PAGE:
Skip to main content

Psychosocial adaptation and cognitive functioning in young male adults with myelomeningocele

Background

Myelomeningocele (MMC) is a multifaceted condition with complex neurological and neuropsychological sequelae mainly due to the MMC itself, hydrocephalus and Arnold-Chiari malformation (ACM). Quality of life and social functioning are known to be impaired in this patient group. Little is known about how clinical history, neurological findings and cognitive functioning influence psychosocial adaptation for young male adults. The aim of this pilot study is to investigate the relationship between these factors and psychosocial functioning. It is hypothesised that cognitive functions, especially executive functions, are of major importance for psychosocial adaptation.

Materials and methods

6 young male adults between 24 and 35 years of age were recruited from TRS National Resource Centre for Rare Disorders. The study group was selected by using the following inclusion criteria: (1) interruptions in the course of education, (2) unemployment, (3) lack of social relations, and (4) social isolation. The study group underwent a systematic clinical history, a neurological investigation and a neuropsychological assessment. The assessment test battery consisted of Wechsler Abbreviated Scale of Intelligence (WASI), the Grooved Pegboard, the Stroop Test from the Delis-Kaplan Executive Functioning System (D-KEFS), letter-number sequencing from Wechsler Adult Intelligence Scale III (WAIS-III), and the Trail making Test. In addition, the Symptom Checklist 90-R (SCL-90) was used.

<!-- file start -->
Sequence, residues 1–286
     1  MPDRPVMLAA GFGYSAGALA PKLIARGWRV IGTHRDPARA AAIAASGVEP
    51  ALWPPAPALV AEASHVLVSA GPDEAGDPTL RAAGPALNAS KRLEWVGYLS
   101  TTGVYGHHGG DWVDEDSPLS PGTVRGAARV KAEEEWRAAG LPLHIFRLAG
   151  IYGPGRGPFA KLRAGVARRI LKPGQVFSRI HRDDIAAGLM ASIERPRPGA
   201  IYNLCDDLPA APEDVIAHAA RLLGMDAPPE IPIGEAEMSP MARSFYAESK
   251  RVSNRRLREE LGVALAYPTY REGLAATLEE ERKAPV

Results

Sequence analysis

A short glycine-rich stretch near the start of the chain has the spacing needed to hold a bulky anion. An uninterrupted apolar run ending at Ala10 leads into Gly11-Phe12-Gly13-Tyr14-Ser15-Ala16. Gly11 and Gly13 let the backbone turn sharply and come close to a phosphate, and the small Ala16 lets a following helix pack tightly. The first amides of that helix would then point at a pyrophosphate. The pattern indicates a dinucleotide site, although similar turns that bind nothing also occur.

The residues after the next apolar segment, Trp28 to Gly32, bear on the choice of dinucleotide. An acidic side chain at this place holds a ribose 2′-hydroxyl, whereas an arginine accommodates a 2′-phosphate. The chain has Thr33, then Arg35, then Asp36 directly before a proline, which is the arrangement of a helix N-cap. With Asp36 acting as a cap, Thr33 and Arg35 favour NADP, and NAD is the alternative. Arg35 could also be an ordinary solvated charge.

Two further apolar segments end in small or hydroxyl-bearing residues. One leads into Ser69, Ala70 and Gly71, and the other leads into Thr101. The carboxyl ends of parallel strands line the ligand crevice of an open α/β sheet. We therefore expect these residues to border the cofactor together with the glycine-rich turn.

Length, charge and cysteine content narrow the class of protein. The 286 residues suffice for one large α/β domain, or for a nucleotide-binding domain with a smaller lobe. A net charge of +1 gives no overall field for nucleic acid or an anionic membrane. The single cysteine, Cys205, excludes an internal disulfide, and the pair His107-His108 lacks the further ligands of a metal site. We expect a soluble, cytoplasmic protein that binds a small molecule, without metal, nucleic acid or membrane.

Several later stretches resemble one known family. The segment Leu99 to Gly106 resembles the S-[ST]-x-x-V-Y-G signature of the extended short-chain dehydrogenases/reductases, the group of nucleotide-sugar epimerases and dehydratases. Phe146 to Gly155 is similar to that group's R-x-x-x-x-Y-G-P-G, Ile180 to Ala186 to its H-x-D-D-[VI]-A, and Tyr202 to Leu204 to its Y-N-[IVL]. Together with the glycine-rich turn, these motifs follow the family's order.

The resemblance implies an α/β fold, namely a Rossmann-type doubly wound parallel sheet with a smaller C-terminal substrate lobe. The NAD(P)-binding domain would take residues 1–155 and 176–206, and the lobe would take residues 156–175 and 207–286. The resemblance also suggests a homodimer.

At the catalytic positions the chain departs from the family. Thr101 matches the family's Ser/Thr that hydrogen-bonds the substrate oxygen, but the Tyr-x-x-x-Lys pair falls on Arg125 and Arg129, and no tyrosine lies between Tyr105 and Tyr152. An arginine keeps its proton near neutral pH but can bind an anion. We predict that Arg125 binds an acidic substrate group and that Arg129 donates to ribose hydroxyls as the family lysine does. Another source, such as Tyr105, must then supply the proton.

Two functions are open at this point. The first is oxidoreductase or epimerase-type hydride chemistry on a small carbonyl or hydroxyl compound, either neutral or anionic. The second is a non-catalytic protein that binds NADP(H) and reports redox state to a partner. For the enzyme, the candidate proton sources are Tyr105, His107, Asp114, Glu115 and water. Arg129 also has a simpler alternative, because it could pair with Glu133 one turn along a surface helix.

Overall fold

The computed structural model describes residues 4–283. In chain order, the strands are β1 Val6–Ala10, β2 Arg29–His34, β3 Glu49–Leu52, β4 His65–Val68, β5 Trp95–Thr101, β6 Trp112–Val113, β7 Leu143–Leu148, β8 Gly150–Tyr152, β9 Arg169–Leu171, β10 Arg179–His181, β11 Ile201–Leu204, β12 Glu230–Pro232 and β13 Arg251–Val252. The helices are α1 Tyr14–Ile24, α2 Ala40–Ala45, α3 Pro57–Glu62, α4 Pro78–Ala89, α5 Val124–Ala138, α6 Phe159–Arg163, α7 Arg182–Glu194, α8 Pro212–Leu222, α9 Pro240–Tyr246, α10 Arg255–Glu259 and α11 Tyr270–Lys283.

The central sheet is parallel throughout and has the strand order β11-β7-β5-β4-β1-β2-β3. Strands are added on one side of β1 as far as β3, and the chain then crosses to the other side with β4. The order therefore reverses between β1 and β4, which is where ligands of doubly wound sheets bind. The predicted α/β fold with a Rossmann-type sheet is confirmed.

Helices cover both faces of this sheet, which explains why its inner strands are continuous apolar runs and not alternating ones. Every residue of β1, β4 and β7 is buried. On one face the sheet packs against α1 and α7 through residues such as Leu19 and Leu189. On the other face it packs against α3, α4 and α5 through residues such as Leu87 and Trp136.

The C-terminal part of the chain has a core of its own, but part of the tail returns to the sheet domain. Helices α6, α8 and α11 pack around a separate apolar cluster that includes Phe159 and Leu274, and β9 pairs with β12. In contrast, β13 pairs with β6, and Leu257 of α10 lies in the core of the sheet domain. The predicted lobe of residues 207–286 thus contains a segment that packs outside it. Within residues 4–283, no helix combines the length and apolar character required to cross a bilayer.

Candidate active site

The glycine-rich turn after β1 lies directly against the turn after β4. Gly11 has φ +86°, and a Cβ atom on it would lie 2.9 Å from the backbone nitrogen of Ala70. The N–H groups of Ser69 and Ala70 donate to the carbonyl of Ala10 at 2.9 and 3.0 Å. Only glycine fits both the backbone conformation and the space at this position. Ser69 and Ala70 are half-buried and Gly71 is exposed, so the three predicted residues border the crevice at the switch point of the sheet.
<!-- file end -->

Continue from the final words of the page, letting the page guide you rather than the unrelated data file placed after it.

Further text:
Results

All the patients were severely disabled by paresis in the lower limbs, multiple shunt-revisions, ACM, tethered cord, orthopedic surgeries, at least one type of stomy, and reduced sexual function. The results showed in particular deficits in the executive functions, visual-spatial function, and visuo-motor processing. Furthermore, all the patients achieved better results on the verbal subtests than the performance tests. SCL-90 revealed minor psychological problems and symptoms of psychopathology.

Conclusion

The neuropsychological assessment supported the hypothesis that the visual-spatial function and the executive functions were most impaired. This indicates that these functions may be especially important for psychosocial adaptation. We recommend a multimodal examination integrating neuropsychological assessment in the follow up of the MMC patients.

Author information

Affiliations

Authors

Corresponding author

Correspondence to Jan Stubberud.

Rights and permissions

Open Access This article is published under license to BioMed Central Ltd. This is an Open Access article is distributed under the terms of the Creative Commons Attribution 2.0 International License (https://creativecommons.org/licenses/by/2.0), which permits unrestricted use, distribution, and reproduction in any medium, provided the original work is properly cited.

Reprints and Permissions

About this article

Cite this article

Stubberud, J., Riemer, G., Plaum, P. et al. Psychosocial adaptation and cognitive functioning in young male adults with myelomeningocele. Fluids Barriers CNS 4, S39 (2007). https://doi.org/10.1186/1743-8454-4-S1-S39

Download citation

Keywords

  • Executive Function
  • Neuropsychological Assessment
  • Tethered Cord
  • Young Male Adult
  • Adult Intelligence Scale